Introducing the Shopping Cart Extension

Michael Ruescher

This post is an overview of how to create an online shopping cart with the Webpop extension engine and the Stripe API. We’ll use our Ecommerce theme as an example, it features one click payment processing, automated order confirmation emails and an admin dashboard for viewing orders.

 If you have a Webpop account, go ahead and grab that theme so you can follow along with a live example, otherwise checkout the source on github.

Stripe Setup

The Ecommerce theme uses Stripe to process payments (read why here). The first thing that happens when an authorized Webpop users visit a page of the Ecommerce theme site is that a big red prompt covers the whole page and asks for the Stripe API keys of the store owner. And it won’t go away until the store owner enters them.

The extension will do this once for production and once for developement version of your site. Enter the Stripe test keys for development and the production keys for production.

Once the keys are submitted via the configuration form, stripe.js saves the API keys in the storage module for safe keeping.  If the keys are valid, the store can now interoperate with the Stripe API to securely process credit card transactions.

The Shopping Cart

Like it’s name implies, the cart.js extension creates a shopping cart which lets customers add items and update item quantities. It uses the browser session to store the “items in cart” while the customer is shopping.

Once the customer proceeds to the checkout page, cart.js responds by rendering an order summary and payment form.

Processing Payments

When the customer fills out the payment form and clicks submit, jQuery intercepts the submit, and uses the stored Stripe public key to create an encrypted token of the credit card information and send that token directly to Stripe for validation.

Notice how the credit card info never touches any Webpop servers? These tokens are the secret sauce that lets you create a seamless, competely custom payment flow directly on your site without having to worry about PCI compliance. Of course, you still need to an SSL certificate to prevent “man in the middle” attacks on unsecured connections. We recommend Cloudflare for this.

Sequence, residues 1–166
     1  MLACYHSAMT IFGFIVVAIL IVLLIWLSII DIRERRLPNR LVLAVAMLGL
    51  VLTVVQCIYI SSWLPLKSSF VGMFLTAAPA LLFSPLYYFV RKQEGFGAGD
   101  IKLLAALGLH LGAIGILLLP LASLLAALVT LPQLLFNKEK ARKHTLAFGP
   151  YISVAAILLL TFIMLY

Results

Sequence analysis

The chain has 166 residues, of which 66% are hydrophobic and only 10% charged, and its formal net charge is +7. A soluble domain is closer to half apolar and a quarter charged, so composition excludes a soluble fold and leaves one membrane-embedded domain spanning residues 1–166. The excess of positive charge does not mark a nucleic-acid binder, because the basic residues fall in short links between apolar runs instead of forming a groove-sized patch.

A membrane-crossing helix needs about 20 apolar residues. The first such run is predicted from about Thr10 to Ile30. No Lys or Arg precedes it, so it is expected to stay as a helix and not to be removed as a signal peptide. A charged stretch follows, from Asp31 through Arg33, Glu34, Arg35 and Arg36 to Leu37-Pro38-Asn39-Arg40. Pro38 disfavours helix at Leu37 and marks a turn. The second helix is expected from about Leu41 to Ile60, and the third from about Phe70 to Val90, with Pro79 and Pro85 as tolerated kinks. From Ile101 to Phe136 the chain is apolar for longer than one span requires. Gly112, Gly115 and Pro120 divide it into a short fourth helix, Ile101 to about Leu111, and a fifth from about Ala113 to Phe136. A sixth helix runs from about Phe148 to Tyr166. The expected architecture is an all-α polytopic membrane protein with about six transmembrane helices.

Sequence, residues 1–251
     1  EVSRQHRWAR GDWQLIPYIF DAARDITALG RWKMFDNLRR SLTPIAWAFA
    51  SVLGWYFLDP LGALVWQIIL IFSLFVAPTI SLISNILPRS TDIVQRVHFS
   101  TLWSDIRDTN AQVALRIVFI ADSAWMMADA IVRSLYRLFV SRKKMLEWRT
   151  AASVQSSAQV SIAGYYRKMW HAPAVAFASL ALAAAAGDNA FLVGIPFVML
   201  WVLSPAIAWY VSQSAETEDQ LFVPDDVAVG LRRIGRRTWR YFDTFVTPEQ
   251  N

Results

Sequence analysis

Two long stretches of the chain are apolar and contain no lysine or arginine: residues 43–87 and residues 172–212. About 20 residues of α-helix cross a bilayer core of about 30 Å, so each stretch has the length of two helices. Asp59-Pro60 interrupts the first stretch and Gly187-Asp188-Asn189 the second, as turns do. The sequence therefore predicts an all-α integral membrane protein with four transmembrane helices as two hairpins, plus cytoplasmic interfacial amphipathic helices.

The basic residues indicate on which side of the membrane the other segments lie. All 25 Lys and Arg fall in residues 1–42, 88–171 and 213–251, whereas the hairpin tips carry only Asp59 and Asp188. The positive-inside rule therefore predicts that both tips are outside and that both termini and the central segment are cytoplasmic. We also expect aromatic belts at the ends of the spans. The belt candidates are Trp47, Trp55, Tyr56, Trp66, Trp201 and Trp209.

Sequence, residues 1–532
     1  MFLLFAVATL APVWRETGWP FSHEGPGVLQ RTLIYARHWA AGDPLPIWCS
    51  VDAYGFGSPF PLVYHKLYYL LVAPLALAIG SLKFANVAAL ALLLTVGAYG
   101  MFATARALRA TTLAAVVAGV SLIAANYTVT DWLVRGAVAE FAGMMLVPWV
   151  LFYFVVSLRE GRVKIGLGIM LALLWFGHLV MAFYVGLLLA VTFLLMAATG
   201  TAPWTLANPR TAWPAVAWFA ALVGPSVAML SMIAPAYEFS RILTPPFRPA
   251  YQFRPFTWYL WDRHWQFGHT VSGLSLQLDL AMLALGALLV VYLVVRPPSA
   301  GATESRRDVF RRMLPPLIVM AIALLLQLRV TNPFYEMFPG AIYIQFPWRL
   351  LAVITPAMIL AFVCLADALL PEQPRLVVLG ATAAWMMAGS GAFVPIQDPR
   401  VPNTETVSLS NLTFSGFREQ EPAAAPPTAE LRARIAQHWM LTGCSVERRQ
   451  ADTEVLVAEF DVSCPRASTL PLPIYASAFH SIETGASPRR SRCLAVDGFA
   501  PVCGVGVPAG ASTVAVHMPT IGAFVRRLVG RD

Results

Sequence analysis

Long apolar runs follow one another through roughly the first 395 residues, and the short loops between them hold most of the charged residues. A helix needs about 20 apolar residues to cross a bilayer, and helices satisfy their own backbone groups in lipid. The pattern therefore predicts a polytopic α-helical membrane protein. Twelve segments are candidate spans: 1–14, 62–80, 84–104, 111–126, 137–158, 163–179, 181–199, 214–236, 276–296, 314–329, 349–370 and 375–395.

Once the card is validated, Stripe sends back a “single use token”. This token represents the validated card and is basically a permission slip that authorizes the site with the matching secret key to initiate a single transaction with that credit card.

To charge the card for the amount of the order, the serverside stripe.js extension makes a POST request to Stripe with the secret key, the “single use token” and the amount to be charged.

Payment Success

After a successful payment transaction, a unique transaction id is returned in the success response from Stripe. This transcation id (stripe_id) turns out to be a great key for storing the whole order in the storage module.

Since Stripe also uses this id as the primary identifier in their transaction record, it lays the groundwork for doing things like linking to Stripe end points of each transaction in the order dashboard.

To make for a convenient way to retrieve all the orders later, an “order” tag is added to each key/value pair of stripe_id and order details that gets saved to the storage module.

At this point the mailer module is also invoked to send order confirmation messages to the customer and store manager.

The Orders Dashboard

Since all the since all the succesful orders are being saved, we can build a simple admin dashboard which lists out all the orders by date.

Here's the basic method to retrieve all the orders storage module tagged with "order":

var orders = storage.list({tags: ["order"]})

This returns an array of all the orders, but it could use a bit of formatting. Right now orders.items is an array that looks something like this:

[ {item: {...}, quantity: 2}, {item: {...}, quantity: 1}, ...]

where each {...} is an actual order object, something like:

{id: "st_...", email: "a@b.com", ...}

But we want the orders.items to look something like this:

[{id: "st_...", email: "a@b.com", quantity: 2, ...}, {id: "st...", email: "b@c.com", quantity: 1, ...}, ...]

So we map a function over the array, and in that function we take the .item and .quantity of each array object and merge them together into a single item object:

var orders = storage.list({tags: ["ecommerce", "order"]}).map(function(data){
  var order = JSON.parse(data.value)
  order.items = order.items.map(function(obj) {
    var item = obj.item;
    item.quantity = obj.quantity;
    return item;
  });
  return order;
});

The reason for pointing this out is to highlight that Webpop is just Javascript and all your are doing is passing JSON objects that to the Pop Tag engine so you can render its values and whatever data heirarchy may exist with Pop Tags.

Becoming familiar with javascript methods like array.map() is a good thing to know for when you need to restructure arrays of data into more usable arrangements.

There's plenty more to explore under the hood. I encourage you to read the comments in cart.js and stripe.js. Feel free to ask questions if there are any parts which are confusing to you or would like to see developed further.

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